Director Brad Bird, for most part, lends Mission Impossible: Ghost Protocol a sense of splendid urgency with fast-moving impulses and ambitious set pieces but lacks the smarts to wholly approve, writes Sukanya Verma.
Just a week ago, Tom Cruise walked the red carpet in Mumbai for the premiere of his latest movie.
Fans and press, restricted by strong-willed barricades on either side, screamed for a piece of the small-framed, casually-dressed Hollywood actor. That evening, it was hard to tell one from another. It was even harder to believe that someone would actually take money to cheer for the man. If you would have attempted to leave the venue between this frenzy, you'd know. An unlikely audience staunchly stood outside the gate hoping to catch a glimpse of the 49-year-old refusing to even slightly budge and let this writer pass.
Meanwhile, Cruise, accustomed to outrageous amounts of attention, handled it all with amazing calm, gratifying admirers and reporters with autographs and answers. But, of course, there was plenty to ask; after all his fourth film in the Mission Impossible series has a reasonable chunk set in India.
Question is, is it worth this hype? Read on.
Tom Cruise returns as IMF agent Ethan Hunt in the action-based franchise, directed by Brad Bird (acclaimed filmmaker of animated films like The Iron Giant, The Incredibles and Ratatouille) under challenging circumstances following his organization's disavowal when the blame for a spectacular bomb strike on Kremlin is laid upon them.
In a bid to hunt down the real troublemaker, a Scandinavian diplomat turned demented terrorist (Michael Nyqvist), Hunt and his squad -- fellow agent Jane Carter (Paula Patton), tech whiz Benji Dunn (Simon Pegg) and IMF analyst William Brandt (Jeremy Renner) globetrot from Moscow to Dubai to Mumbai engaging in fast-paced conflicts and nail-biting encounters.
As promised in the teasers, Mission Impossible: Ghost Protocol delivers on account of its jaw-dropping action. Whether it's the justifiably talked-about stunt with Cruise clambering the 124th floor of Dubai's landmark aka Tallest Building in the World, Burj Khalifa or an elaborate chase between him and Nyqvist in a brilliant sandstorm or a high-octane climax in a sleek parking lot (of what is Vancouver pretending to be Mumbai), Ghost Protocol, in all its IMAX glory, has its bright points.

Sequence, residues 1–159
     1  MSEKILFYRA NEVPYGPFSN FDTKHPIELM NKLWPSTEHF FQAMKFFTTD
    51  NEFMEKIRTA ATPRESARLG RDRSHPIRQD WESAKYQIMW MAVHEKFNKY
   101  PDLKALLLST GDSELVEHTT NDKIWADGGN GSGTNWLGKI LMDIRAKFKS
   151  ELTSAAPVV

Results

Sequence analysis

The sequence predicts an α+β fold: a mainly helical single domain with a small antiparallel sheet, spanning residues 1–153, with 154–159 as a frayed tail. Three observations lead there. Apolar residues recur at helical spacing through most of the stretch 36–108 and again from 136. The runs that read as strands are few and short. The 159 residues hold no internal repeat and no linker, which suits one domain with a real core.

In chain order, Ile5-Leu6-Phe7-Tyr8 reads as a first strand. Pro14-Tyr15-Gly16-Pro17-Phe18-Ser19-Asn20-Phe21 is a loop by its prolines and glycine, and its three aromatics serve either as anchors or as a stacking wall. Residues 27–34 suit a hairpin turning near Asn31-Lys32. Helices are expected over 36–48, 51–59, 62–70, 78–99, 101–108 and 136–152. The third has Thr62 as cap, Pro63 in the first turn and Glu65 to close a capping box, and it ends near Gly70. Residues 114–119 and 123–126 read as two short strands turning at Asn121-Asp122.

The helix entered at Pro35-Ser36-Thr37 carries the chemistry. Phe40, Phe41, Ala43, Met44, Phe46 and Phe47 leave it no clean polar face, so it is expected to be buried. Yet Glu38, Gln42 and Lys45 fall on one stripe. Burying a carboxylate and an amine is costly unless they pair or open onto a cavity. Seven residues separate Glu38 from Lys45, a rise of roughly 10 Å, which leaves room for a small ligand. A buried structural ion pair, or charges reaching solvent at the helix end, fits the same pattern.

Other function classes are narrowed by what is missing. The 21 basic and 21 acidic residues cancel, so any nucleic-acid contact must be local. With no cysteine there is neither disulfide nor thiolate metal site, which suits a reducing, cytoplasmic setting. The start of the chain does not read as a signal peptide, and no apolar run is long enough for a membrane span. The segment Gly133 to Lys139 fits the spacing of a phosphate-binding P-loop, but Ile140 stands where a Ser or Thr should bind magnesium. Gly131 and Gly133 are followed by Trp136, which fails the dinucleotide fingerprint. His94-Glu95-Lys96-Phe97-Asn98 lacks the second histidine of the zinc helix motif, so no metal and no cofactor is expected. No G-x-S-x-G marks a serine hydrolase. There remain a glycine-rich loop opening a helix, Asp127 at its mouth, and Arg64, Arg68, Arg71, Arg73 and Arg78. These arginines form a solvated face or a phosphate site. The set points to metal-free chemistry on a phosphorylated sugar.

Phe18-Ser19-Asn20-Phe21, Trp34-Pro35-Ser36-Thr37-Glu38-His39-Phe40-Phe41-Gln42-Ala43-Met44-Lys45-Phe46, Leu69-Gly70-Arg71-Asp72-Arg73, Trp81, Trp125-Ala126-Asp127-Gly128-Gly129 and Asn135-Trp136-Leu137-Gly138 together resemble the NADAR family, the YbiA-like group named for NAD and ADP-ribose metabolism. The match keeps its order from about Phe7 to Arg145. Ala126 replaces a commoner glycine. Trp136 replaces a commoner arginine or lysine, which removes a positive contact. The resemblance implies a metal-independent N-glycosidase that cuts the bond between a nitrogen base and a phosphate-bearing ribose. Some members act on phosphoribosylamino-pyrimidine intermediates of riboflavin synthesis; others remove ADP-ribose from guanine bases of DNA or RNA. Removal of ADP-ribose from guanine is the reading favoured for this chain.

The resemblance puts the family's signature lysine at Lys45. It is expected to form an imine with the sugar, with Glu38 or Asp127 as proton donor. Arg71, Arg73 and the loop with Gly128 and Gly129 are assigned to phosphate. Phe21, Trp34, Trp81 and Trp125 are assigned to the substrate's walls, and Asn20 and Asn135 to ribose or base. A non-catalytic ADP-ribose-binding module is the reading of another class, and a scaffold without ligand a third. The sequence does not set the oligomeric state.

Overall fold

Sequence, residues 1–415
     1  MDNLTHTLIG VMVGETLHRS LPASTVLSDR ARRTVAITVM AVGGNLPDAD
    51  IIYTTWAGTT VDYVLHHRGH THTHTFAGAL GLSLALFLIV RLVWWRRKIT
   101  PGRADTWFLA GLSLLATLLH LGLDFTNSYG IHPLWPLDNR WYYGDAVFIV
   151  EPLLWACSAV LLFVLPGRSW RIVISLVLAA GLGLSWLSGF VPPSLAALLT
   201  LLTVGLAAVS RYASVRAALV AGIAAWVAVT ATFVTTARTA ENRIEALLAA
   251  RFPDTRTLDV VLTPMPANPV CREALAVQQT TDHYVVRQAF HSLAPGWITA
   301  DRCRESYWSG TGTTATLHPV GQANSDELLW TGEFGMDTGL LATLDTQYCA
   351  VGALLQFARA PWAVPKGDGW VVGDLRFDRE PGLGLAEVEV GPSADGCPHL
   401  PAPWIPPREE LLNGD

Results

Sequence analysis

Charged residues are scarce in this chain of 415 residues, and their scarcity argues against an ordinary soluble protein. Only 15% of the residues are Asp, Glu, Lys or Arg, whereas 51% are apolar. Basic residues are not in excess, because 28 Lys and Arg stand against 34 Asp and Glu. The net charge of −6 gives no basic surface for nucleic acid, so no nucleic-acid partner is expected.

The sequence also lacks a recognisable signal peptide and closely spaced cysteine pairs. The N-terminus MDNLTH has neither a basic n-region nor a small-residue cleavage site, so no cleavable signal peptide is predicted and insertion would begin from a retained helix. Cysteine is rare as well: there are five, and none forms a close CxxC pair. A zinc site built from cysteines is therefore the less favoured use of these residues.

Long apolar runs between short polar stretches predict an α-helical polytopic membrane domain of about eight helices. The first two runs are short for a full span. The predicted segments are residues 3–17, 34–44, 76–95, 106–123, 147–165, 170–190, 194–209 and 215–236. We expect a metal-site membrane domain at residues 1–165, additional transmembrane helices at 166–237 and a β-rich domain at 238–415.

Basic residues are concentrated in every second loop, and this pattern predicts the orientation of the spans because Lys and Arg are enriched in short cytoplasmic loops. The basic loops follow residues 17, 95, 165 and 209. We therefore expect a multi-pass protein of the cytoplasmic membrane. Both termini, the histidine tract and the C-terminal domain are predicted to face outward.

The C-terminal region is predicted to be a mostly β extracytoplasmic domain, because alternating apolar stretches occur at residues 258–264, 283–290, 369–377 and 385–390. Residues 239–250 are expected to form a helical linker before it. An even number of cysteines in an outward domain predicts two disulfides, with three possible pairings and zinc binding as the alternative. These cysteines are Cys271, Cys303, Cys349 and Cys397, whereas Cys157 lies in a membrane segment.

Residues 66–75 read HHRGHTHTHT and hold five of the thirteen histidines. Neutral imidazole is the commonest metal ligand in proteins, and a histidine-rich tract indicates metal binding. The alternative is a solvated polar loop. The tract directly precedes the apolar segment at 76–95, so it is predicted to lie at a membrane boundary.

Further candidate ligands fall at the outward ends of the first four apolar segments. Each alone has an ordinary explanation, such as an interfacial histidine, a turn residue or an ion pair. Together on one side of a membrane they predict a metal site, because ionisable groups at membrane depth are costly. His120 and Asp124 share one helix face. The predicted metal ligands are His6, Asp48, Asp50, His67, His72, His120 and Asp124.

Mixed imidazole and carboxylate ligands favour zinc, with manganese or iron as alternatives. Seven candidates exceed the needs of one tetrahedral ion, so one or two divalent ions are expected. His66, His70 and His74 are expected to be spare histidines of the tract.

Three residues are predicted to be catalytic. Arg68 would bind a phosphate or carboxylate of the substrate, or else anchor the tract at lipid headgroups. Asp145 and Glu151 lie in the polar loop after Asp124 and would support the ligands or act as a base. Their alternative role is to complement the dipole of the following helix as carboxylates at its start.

Unfortunately, the most exciting aspect of Ghost Protocol turns out to be a major letdown. The Mumbai bits, most of which turn out to be Canada (Vancouver Convention Centre), are ridden in tedious clichés and shoddy detailing women strolling on the street dressed in out-of-date, rich zardozi salwar-kameezes, board signs written in what looks like a Kannada script, billboard advertisements of Coca Cola Zero and a state-of-art multi-level parking with mechanical lifts. And then there's a lecherous billionaire Brij Nath (Anil Kapoor) and his India-on-a-platter themed grand bash that does very little to contest this culture rut.
Nevertheless, a good pace always works in an action film's favour and Ghost Protocol adheres to this mantra. Right from Hunt's fabulously staged escape from a Russian prison, a slight tribute to The Great Escape, till the time they get to India, the daredevilry fest keeps it fast and furious.
Though it's all computer generated, the Kremlin blasts are authentic enough to cause discomfort. A typically Mission Impossible moment occurs within its interiors when a disguised Hunt and Benji sneak in to collect crucial information, hoodwinking the security using quick tactics and cool gizmos. Pegg's Benji is the only reason the script coughs up a few laughs every now and then.
If Pegg brings in humour, Paula Patton pitches in the glamour whereas Jeremy Renner contributes in intensity, courtesy a futile sub-plot that never really comes into its own. As for Cruise, after a brief show of emotionality in the third movie, he's back to playing Ethan Hunt nice and starchy. With so much exaggeration to contend with, a reserved disposition strikes a good balance.
Unlike his sly, intimidating host in Slumdog Millionaire, Anil Kapoor is squandered in a tiny role, usually reserved for the likes of Gulshan Grover that asks for nothing except playing dumb bait. To Kapoor's credit, he's quite a sport and appears much too happy to star in a franchise of this stature to care.
Also, it's equally criminal to underuse the talent of Swedish actor Michael Nyqvist (As it is In Heaven, The Millennium Trilogy). The man with the most stabbing pair of eyes is reduced to an exotic evil caricature when he's capable of exuding refined menace in a feature that doesn't really have a sharp antagonist to counter. Note Philip Seymour Hoffman's menacing turn in the previous installment.
While Ghost Protocol isn't really an upgrade in the series, it has several adrenalin-charged moments, based on the generic elements that have unfailingly worked in the brand's favour --an undemonstrative Tom Cruise, self-destructing messages, ever-deceitful masks, infiltrating into high-security zones, leaping or clambering from a dizzying height, the works. What the plot lacks in cohesion or characterization, it compensates with spectacular displays of adventure.
Brian De Palma's MI-I was elusive and canny, John Woo's MI-2 reveled in style and attitude, J J Abrams' MI-3 kept it edgy and layered. Brad Bird, for most part, lends Ghost Protocol a sense of splendid urgency with fast-moving impulses and ambitious set pieces but lacks the smarts to wholly approve.
PIX: Tom Cruise parties with Bollywood
PIX: Tom Cruise, Anil Kapoor at MI 4 Dubai premiere
Tom Cruise on a 'Mission' in India
Tom Cruise: I would love to come back to India
Will Anil Kapoor rock in MI 4?